Rheumatoid arthritis (RA) patients of South Asian origin now have extra help in living with a painful and incurable condition – thanks to a new educational video that encourages them to understand when and why they need to move from standard treatment to treatment with a biologic.
Produced by the National Rheumatoid Arthritis Society (NRAS) as part of the University of Birmingham’s partnership with the national charity, the short educational video aims to help patients with RA from minority ethnic backgrounds understand the treatment pathway and the role of biologics in controlling the condition. The video could also help people with RA in India and rheumatology teams.
Patient Joti Reehal features in the charity’s video, which is mostly in Hindi with English subtitles. She reflects on her experiences, both positive and negative, in starting treatment with a biologic to manage her condition effectively. Joti shares her story of being an Asian and how her cultural influences contributed to the decision of taking biologic treatment.
The educational video was developed as a result of a research project led by Dr Kanta Kumar from the Institute of Clinical Sciences, which explored South Asians’ perceptions about biologics and related information.
In her latest research into South Asians’ perceptions about biologic treatments, Dr Kumar worked with 20 South Asian patients with RA from Royal Wolverhampton Hospitals NHS Trust and Central Manchester University Hospitals NHS Foundation Trust.
The study – published in Patient Preference and Adherence – investigated South Asian patients’ experiences of using biologics and their satisfaction with information received. Dr Kumar found that patients were worried about using biologics and stopped taking them.
She also found that patients often followed the advice of family and friends or doctors in India, rather than UK-based rheumatology team. Some decided to replace biologics with herbal remedies because of unfounded fears that biologics produced harmful side-effects.
The video features a multidisciplinary approach with contributions from Dr Kumar and Coventry-based consultant Dr Shirish Dubey.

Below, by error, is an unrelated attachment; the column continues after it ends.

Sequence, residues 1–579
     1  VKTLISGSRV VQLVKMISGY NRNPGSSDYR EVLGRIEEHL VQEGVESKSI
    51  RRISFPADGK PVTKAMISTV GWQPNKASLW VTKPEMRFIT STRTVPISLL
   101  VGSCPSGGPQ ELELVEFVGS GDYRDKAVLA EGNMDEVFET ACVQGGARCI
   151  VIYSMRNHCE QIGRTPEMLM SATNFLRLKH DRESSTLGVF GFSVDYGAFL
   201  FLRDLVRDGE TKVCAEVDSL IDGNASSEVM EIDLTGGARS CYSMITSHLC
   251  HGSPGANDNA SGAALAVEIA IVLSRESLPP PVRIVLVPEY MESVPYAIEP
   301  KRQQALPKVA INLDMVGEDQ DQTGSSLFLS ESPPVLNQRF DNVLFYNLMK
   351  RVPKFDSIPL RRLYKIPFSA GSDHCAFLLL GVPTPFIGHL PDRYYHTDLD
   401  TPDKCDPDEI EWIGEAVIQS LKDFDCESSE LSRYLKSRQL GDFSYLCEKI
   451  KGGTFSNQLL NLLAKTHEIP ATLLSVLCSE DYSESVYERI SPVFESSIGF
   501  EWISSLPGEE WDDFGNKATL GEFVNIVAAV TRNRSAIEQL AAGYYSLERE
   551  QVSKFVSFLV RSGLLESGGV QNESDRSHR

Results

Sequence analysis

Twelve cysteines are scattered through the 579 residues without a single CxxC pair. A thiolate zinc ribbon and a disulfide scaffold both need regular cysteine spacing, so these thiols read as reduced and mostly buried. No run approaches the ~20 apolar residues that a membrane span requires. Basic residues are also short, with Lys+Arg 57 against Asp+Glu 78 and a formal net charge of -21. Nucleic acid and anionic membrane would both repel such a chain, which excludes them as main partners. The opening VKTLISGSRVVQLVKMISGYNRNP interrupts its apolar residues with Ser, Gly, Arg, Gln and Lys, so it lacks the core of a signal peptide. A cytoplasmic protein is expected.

It is the latest initiative of NRAS’ Apni Jung project, which aims to engage with RA patients within the UK South Asian community – encouraging them not just to seek medical help for their condition but also to gain an understanding about RA and the benefits of continuing to take prescribed medication to improve outcomes.
The Apni Jung project builds on the research of Dr Kumar, who commented: “Many South Asian patients with RA have limited relevant information about how to effectively manage their condition.
“It’s important to make health services more visible, relevant and accessible to those who need it most - particularly those people who, for reasons of language, culture or health literacy skills may be less able to negotiate about their healthcare needs or successfully navigate the health system.
“Biologic treatments are effective, but expensive, ways of managing RA. We hope that listening to health professionals talking about RA and treatment pathway as well as Joti’s experience of using these drugs will have an impact on other patients within the South Asian community and inspire them to manage their RA as well as their treatment expectations.”
Dr Kumar began working with the NRAS on the Apni Jung project whilst she was working at the University of Manchester studying the impact of RA on the South Asian community.
Ailsa Bosworth MBE, Chief Executive and founder of the NRAS, said: “We hope that by bringing Dr. Kumar’s research to life with this short video and enabling the South Asian communities across the UK and beyond to get the right information in their own language in an engaging way, will enable them to manage their disease better by being more involved and informed about decisions affecting their care and treatment. We welcome the partnership with Birmingham University and anyone else who wishes to support our Apni Jung project."